Individuals with eating disorders frequently employ a meal plan developed with the help of their dietitian. This plan provides structure and supports a person in having the type and amount of food their body needs, divided over consistently timed meals and snacks.
The level of structure provided by a meal plan can vary from a highly detailed exchange-based plan to a more general entrée-sides plan to more of an intuitive eating-based approach. No meal plan style is necessarily better than another; what is important is that it provides the right level of support for that person at that time. As a person’s ability to manage food intake changes, their meal plan is often adjusted as well. Let’s look at some of the different styles of meal plans in a bit more detail.
In this style of meal planning, a person works with their dietitian to create a “meal pattern,” which outlines the timing, type, and amount of each food category over the course of the day.
The meal plan is organized using a system of exchange lists. These lists contain foods grouped together because they are nutritionally similar. The seven exchange lists include grains, protein, fruits, vegetables, calcium/milk, fats, and desserts. The eighth category is called other, and it is generally used for supplements to the meal plan. Here is an example of what a section of the grain exchange list looks like. The full list is much longer and contains many other food options.
In the above example, a person can fulfill a one-grain serving by having a slice of bread, ½ cup of pasta, or ¼ cup of lentils. The three are nutritionally equivalent and one can be “exchanged” for another.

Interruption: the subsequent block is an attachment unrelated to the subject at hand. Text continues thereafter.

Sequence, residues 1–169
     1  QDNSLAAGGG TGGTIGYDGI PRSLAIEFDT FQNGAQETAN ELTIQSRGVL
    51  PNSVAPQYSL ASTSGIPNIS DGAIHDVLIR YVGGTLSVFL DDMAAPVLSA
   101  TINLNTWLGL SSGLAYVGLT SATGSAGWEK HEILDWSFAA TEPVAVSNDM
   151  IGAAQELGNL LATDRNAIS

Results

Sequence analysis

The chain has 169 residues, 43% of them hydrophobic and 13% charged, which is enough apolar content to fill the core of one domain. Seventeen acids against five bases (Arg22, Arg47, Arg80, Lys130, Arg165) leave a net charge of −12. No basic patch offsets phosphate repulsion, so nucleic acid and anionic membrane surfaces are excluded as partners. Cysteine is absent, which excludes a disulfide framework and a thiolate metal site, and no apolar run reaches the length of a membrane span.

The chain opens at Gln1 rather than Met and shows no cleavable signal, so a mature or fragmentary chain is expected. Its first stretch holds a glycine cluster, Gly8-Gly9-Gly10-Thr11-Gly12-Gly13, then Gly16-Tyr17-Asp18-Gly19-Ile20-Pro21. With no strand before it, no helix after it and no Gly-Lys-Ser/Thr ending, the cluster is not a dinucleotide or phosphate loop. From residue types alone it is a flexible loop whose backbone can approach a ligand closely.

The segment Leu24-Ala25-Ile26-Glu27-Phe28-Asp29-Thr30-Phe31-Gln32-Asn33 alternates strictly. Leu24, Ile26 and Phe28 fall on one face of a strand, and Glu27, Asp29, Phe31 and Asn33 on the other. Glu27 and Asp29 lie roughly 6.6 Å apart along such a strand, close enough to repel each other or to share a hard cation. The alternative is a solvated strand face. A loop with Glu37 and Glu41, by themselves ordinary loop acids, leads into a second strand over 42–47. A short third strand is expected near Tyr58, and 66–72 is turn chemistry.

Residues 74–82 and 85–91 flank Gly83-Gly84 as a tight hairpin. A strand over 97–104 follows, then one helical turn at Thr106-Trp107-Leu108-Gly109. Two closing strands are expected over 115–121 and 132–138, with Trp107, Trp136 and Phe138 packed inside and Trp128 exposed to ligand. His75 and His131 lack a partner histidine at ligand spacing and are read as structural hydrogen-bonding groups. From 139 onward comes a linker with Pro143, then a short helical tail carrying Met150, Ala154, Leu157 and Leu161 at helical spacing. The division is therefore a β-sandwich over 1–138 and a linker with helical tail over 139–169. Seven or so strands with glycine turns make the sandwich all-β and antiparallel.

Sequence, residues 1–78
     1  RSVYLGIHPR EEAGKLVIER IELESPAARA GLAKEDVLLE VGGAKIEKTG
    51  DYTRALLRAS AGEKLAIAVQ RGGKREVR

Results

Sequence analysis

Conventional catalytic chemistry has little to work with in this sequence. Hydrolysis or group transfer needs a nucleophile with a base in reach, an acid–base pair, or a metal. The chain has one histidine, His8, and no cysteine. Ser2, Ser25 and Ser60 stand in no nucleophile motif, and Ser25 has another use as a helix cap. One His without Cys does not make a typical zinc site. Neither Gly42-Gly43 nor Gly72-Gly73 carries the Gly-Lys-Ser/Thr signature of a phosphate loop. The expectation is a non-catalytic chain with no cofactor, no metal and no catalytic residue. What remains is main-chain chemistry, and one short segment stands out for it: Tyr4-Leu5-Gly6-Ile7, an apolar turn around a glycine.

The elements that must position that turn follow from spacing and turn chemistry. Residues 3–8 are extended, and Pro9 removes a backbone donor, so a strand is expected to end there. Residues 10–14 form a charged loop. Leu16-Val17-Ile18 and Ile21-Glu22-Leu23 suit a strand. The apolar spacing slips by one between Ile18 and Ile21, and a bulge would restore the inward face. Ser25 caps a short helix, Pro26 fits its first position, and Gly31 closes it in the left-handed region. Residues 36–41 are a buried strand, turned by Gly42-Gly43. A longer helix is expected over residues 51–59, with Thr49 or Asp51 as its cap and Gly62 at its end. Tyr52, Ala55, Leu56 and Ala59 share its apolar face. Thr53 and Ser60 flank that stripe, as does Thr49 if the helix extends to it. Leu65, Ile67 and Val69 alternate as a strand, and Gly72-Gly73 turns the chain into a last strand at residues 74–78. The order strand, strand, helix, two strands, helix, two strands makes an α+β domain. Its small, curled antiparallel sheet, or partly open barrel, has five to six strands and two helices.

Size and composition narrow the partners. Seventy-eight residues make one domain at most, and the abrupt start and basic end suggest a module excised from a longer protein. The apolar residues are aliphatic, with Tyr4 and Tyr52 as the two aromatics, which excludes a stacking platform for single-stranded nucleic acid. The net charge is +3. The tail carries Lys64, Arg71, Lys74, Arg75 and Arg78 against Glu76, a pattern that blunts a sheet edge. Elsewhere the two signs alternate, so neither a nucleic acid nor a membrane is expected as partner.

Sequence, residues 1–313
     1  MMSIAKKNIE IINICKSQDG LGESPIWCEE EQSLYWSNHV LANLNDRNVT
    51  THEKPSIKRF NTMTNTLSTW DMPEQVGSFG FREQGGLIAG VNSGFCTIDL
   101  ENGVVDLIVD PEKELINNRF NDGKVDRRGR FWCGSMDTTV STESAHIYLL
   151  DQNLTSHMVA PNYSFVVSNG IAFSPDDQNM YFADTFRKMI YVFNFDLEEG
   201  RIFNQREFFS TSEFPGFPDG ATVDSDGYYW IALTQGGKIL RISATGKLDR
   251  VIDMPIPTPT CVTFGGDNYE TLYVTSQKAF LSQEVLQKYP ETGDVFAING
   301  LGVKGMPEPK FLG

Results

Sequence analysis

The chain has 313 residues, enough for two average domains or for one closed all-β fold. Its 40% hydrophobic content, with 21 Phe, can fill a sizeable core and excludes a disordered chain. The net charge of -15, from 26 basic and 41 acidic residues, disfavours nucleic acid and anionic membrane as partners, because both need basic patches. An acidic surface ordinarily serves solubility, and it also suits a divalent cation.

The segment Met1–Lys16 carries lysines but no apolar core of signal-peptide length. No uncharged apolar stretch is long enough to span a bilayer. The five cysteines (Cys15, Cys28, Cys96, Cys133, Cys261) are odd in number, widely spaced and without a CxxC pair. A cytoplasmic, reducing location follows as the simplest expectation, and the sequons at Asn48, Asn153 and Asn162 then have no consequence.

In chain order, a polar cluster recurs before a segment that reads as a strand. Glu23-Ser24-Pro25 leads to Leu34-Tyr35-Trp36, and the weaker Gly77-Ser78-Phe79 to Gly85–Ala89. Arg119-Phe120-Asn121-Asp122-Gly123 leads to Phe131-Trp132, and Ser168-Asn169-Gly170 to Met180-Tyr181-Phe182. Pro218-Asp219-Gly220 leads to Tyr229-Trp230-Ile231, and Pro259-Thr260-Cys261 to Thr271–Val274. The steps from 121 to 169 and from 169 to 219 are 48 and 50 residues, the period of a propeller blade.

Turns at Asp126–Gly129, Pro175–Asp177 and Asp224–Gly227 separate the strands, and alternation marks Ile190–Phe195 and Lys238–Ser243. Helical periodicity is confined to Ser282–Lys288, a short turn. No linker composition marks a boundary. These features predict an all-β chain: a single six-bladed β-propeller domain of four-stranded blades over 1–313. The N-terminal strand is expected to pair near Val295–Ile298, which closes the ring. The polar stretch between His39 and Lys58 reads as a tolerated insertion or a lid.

If a person is new to this type of system, it can take time to learn and get comfortable with, but it has proven to be invaluable in helping to re-regulate the eating process and support weight restoration and/or stabilization.
Working closely with an experienced eating disorder dietitian is essential to develop and help put into action an individualized meal plan. While this style of meal plan can be highly effective, sometimes there are reasons a dietitian might choose not to use it. Often individuals with a history of weight-loss dieting, for example, find that such a plan looks too much like restrictive diets they followed in the past, making their use counterproductive.
Another approach, the entrée-sides meal plan, has features of the exchange-based meal plan but with more general categories for food and less exact portion sizes.
In this style of meal plan, there is still an emphasis on eating regularly spaced meals and snacks. However, instead of breaking meals down by various exchanges, there are just two categories, entrées and sides. Here is an example.
The advantage of this approach is that simplifies food choices and uses everyday language we typically hear when thinking about meals. Snacks are similar; the lists of snack options include commonly consumed snacks but in differing quantities and combinations in order to provide the needed nutritional level. This plan is our front-line approach for adolescent clients as it is family-friendly and easy to adapt to family meals. However, it lacks the level of precision many individuals need when the eating disorder is more in control, which is why it is frequently a step-down method for adult clients once an exchange-based meal plan is no longer required.
Intuitive eating focuses less on creating an external framework by which to make eating decisions and more on reconnecting with the body’s physical hunger and fullness signals to guide the timing and amount of food chosen. Below is an example of a hunger/fullness scale that can be used to help identify varying levels of sensation associated with the body’s physical state.